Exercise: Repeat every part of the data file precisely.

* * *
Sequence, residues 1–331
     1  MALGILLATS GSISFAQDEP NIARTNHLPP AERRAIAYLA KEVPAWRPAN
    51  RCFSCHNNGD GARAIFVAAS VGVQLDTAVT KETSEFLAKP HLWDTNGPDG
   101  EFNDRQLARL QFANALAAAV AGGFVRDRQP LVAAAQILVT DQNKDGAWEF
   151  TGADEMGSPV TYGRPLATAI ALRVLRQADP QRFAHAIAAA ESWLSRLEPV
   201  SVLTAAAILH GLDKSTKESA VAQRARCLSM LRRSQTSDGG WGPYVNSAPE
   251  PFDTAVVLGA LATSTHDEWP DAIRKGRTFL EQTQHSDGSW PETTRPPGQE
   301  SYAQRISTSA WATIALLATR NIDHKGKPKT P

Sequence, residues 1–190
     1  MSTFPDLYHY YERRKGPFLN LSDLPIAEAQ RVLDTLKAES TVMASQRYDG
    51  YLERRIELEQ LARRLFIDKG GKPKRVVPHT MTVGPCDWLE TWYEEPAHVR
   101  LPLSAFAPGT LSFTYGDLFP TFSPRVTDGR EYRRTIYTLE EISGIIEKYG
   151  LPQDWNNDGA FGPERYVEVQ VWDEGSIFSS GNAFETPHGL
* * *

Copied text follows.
Sequence, residues 1–331
     1  MALGILLATS GSISFAQDEP NIARTNHLPP AERRAIAYLA KEVPAWRPAN
    51  RCFSCHNNGD GARAIFVAAS VGVQLDTAVT KETSEFLAKP HLWDTNGPDG
   101  EFNDRQLARL QFANALAAAV AGGFVRDRQP LVAAAQILVT DQNKDGAWEF
   151  TGADEMGSPV TYGRPLATAI ALRVLRQADP QRFAHAIAAA ESWLSRLEPV
   201  SVLTAAAILH GLDKSTKESA VAQRARCLSM LRRSQTSDGG WGPYVNSAPE
   251  PFDTAVVLGA LATSTHDEWP DAIRKGRTFL EQTQHSDGSW PETTRPPGQE
   301  SYAQRISTSA WATIALLATR NIDHKGKPKT P

Sequence, residues 1–190
     1  MSTFPDLYHY YERRKGPFLN LSDLPIAEAQ RVLDTLKAES TVMASQRYDG
    51  YLERRIELEQ LARRLFIDKG GKPKRVVPHT MTVGPCDWLE TWYEEPAHVR
   101  LPLSAFAPGT LSFTYGDLFP TFSPRVTDGR EYRRTIYTLE EISGIIEKYG
   151  LPQDWNNDGA FGPERYVEVQ VWDEGSIFSS GNAFETPHGL